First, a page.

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Giro finale
Photo ©: Bettini

First Edition Cycling News for December 19, 2005

Edited by Jeff Jones & Hedwig Kröner

Wellens hits spectator

At the Druivencross, one of the biggest cyclo-cross races in Belgium, eventual winner Bart Wellens (Fidea) hit out at a spectator who had been repeatedly insulting him. Although the jury was appalled and threatened to disqualify the rider, it was finally decided that he should keep the victory.

"For four laps, I had mud and beer thrown at me," Wellens told Belgian "The fifth time it was just too much for me. I didn't really intend to hit him, and I regret what I've done, but I think that as a rider I don't have to put up with everything."

70th Tour de Suisse

Next year's Tour de Suisse will mark the 70th time that the Swiss national tour has been held, and between June 10 and 18, it will run over nine stages and 1438 km. The Tour de Suisse will visit all four regions of Switzerland, but will not venture outside the country next year.

The race starts in the north of the country in Baden on Saturday, June 10, with a 154 km stage that also finishes in Baden. The next three stages remain in the north, visiting Bremgarten, Einsiedeln, Arlesheim, Niederbipp, and La Chaux-de-Fonds, and all should be suited to the sprinters or rouleur-style breakaways.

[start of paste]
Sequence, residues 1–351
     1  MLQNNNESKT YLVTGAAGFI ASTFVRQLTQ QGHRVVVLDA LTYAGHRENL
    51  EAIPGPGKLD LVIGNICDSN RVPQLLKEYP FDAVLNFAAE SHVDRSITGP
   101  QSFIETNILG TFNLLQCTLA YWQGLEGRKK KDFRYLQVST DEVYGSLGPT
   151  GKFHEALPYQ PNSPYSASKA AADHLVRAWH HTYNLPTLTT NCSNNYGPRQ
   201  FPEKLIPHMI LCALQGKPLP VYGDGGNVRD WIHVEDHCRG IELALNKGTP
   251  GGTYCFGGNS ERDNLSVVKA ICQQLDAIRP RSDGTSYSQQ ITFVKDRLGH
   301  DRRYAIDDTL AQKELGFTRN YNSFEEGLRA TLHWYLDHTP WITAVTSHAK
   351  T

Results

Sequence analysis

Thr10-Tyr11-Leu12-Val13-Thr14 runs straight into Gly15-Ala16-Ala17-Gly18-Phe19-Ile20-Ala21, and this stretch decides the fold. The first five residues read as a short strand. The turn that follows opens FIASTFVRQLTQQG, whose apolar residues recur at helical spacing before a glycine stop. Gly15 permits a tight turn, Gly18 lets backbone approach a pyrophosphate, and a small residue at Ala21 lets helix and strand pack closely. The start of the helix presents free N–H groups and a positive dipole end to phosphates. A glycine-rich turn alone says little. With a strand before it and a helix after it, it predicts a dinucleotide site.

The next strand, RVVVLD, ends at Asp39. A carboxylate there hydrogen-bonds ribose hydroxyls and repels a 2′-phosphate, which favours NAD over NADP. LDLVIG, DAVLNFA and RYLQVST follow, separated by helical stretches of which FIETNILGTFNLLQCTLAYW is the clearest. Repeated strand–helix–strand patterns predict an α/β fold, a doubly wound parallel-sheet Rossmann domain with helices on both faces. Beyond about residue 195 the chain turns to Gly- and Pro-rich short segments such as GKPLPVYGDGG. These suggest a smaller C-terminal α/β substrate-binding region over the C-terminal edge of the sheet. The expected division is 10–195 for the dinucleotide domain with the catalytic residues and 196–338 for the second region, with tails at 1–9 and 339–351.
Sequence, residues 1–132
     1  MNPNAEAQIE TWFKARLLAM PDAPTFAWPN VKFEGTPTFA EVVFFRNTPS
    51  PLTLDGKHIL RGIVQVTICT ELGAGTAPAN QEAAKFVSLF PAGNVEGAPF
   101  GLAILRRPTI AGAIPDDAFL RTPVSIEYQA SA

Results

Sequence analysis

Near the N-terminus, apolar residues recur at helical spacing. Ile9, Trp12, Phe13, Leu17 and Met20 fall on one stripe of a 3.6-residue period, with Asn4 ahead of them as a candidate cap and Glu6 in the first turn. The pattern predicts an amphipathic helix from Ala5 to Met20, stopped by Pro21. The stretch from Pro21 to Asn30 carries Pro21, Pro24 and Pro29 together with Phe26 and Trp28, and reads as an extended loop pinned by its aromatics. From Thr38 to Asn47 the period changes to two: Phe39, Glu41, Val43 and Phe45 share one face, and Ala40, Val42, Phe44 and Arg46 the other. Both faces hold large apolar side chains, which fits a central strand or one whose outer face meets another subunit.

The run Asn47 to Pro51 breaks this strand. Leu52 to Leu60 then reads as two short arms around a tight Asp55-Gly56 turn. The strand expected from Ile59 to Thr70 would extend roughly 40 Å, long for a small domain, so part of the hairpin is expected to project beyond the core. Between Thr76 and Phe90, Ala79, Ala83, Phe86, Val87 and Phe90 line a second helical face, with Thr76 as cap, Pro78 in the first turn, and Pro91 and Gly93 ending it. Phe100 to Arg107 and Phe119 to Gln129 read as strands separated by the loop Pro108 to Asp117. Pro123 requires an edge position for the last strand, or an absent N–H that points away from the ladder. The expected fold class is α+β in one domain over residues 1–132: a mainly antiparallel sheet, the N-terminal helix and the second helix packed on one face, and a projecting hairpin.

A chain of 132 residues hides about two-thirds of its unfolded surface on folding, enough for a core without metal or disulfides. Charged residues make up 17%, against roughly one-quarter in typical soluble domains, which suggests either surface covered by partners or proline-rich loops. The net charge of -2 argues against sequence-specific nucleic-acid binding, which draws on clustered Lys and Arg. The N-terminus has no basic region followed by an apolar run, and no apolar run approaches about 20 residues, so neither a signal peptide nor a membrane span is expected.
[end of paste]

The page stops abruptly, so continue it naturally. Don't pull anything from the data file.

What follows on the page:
Then things get tough. As is typical of the Tour de France, the general classification will be decided in the second half of the race. Stage 5 between La Chaux-de-Fonds and Leukerbad is 210 km, and is followed by another 210 km stage between Fiesch and La Punt. That includes the Furka, Oberalp and Albula passes, and will cause the first real selection of the Tour de Suisse. The seventh stage between St. Moritz and Ascona is even longer at 233 km, and features the Julier and Lukmanier passes.

The mountains don't stop though, as the eighth stage starting and finishing in Ambri will test the riders with the Lukmanier, Oberalp, Gotthard passes, but over a shorter distance of 155 km. The last day of the TdS is a 30 km time trial between Kerzers and Bern.

The Tour de Suisse isn't part of the Grand Tours versus UCI battle that is currently raging, and therefore is likely to be the top tour on the ProTour calendar.

The stages

Stage 1 - June 10: Baden - Baden, 154 km
Stage 2 - June 11: Bremgarten - Einsiedeln, 165 km
Stage 3 - June 12: Einsiedeln - Arlesheim, 160 km
Stage 4 - June 13: Niederbipp - La Chaux-de-Fonds, 151 km